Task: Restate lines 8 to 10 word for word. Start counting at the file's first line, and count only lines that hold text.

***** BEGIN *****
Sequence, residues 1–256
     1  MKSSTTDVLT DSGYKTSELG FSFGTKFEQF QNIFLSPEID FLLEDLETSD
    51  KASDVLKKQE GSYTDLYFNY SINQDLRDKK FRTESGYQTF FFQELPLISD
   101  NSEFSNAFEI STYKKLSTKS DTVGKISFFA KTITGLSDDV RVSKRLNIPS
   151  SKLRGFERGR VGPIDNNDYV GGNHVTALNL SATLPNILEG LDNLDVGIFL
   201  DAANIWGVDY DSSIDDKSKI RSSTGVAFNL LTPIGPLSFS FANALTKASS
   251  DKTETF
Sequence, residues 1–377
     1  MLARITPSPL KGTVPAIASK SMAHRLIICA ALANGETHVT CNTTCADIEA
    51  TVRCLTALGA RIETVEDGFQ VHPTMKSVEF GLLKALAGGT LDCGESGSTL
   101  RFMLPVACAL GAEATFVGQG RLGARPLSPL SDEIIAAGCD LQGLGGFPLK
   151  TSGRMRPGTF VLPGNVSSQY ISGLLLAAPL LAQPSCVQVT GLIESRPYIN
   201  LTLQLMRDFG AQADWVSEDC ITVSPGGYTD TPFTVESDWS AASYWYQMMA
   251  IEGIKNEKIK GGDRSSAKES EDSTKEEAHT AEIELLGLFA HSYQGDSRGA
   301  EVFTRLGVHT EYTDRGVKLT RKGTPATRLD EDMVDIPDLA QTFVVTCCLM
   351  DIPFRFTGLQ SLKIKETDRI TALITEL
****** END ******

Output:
Sequence, residues 1–377
     1  MLARITPSPL KGTVPAIASK SMAHRLIICA ALANGETHVT CNTTCADIEA
    51  TVRCLTALGA RIETVEDGFQ VHPTMKSVEF GLLKALAGGT LDCGESGSTL